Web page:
CERN Accelerating science

High Energy Physics

The world of High Energy Physics

What is the universe made of?   How did it start?

High Energy Particle Physics (HEP) seeks the answers to these primordial questions by exploring the elementary constituents of matter and energy, probing the interactions between them, and exploring the basic nature of space and time. Powerful accelerators enable experiments to probe deeply into matter and are used to create new particles. In the heart of particle physics experiments short lived particles have to be identified with high demands on spatial resolution and timing: imaging detectors are the gigantic microscopes that allow their recognition.

Why imaging detectors?

Efficient primary and secondary vertex reconstructions of unprecedented accuracy are crucial for many physics analyses; hence, imaging vertex  detectors realized with pixels in monolithic or hybrid technologies, have become key elements in HEP experiments.

What is requested to imaging detectors?

In the forthcoming phase of  research, the design and development of vertex imaging detectors  will be even more important than it was in the past owing to the harsh environmental conditions and the challenging requests imposed by the physicists' needs for:  improved spatial and time resolution, innovative functions, acquisition speed, radiation tolerance, minimal power consumption, robustness and reliability, minimal material and more. Hence, future experiments will require complex imaging detectors in which the high precision elements are integrated into innovative  apparatuses with a strong interdependence between the detection technologies, mechanics and electronics.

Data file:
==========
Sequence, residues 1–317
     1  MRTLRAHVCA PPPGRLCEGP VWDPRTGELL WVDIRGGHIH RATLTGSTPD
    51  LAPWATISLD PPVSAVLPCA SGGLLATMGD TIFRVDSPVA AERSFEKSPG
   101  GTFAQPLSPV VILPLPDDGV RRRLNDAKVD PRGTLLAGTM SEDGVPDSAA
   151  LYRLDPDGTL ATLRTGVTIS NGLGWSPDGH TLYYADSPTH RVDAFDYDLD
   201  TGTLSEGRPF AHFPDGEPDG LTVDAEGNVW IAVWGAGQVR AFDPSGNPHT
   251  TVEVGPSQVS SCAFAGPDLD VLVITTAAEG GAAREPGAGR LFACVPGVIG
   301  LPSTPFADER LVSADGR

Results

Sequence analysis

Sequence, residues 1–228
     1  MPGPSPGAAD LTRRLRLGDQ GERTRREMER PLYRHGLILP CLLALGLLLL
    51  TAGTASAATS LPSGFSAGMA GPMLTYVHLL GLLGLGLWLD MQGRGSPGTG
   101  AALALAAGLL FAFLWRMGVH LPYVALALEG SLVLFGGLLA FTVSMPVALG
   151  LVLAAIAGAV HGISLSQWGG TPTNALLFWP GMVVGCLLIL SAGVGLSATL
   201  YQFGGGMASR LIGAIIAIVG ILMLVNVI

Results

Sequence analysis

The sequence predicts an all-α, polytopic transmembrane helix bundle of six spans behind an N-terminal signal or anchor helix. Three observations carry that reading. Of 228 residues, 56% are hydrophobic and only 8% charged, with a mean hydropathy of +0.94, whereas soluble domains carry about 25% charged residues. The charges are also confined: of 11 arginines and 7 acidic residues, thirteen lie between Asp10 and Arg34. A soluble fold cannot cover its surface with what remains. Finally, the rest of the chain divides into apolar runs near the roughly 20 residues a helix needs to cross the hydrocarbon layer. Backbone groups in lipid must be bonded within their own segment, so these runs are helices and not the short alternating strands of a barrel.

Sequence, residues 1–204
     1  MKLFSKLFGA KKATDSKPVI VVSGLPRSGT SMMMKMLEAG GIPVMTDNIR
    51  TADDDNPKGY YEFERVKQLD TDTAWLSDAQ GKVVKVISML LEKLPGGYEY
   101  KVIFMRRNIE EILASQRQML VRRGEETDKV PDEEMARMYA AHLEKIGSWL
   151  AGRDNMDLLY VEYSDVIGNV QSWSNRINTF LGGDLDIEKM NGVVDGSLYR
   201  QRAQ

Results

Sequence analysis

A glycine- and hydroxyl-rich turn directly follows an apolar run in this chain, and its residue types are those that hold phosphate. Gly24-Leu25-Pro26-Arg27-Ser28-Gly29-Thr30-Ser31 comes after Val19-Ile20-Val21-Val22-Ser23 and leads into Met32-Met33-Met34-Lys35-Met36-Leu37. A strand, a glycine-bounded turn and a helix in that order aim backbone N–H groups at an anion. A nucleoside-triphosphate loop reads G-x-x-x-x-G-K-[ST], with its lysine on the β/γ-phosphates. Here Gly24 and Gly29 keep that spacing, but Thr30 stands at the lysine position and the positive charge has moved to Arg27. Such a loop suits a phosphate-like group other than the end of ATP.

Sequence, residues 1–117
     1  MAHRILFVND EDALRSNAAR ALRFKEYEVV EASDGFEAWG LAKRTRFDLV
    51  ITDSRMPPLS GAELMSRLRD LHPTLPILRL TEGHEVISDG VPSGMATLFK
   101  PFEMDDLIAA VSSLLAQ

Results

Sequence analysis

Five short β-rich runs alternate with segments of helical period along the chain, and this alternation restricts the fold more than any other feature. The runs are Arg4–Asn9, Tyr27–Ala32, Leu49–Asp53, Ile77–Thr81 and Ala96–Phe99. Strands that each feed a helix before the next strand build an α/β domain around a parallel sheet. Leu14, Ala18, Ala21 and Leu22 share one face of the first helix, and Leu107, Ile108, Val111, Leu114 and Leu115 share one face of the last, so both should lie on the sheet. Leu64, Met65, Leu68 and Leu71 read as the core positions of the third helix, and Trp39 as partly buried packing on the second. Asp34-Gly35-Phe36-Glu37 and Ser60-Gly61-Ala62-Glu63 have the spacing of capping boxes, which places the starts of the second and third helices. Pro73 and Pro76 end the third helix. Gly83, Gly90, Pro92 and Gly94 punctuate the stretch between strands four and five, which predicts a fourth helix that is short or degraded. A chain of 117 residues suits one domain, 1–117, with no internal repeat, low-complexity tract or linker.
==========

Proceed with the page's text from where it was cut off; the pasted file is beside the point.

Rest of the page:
Which technologies can be adopted in imaging detectors?

In this panorama, microelectronics and very deep-submicron technologies, that have been key to the success of tracking systems in the past, will  play an even more important role to  provide viable solutions to the compelling requests of achieving high-density detectors suited to efficiently reconstructed physics events at high luminosity and high pile-up, or in the presence of very high backgrounds. Equally, a new generation of silicon detectors, where the geometry of the sensors is comprehensively  simulated and tested to ensure that very high fields can be applied across the sensitive area, will ensure excellent performances at the extreme conditions  awaiting the imaging vertex detectors positioned close to the interaction point  in future experiments.

The progress in the microelectronics industry, photolithography and printed circuit technology paved the road to the production of Micro Pattern Gaseous Detectors that now achieve unprecedented spatial resolution, high-rate capability, radiation hardness, high time resolutions and good counting rate. GEM, MicroMega and some designs resulting from their evolution, have proven to be established technologies that meet the requirements as imaging detection plane for TPC and RICH detectors; meanwhile a vigorous R&D is on-going to prove the explotation of MPGDs as vertex detectors and imaging calorimeter active sampling medium.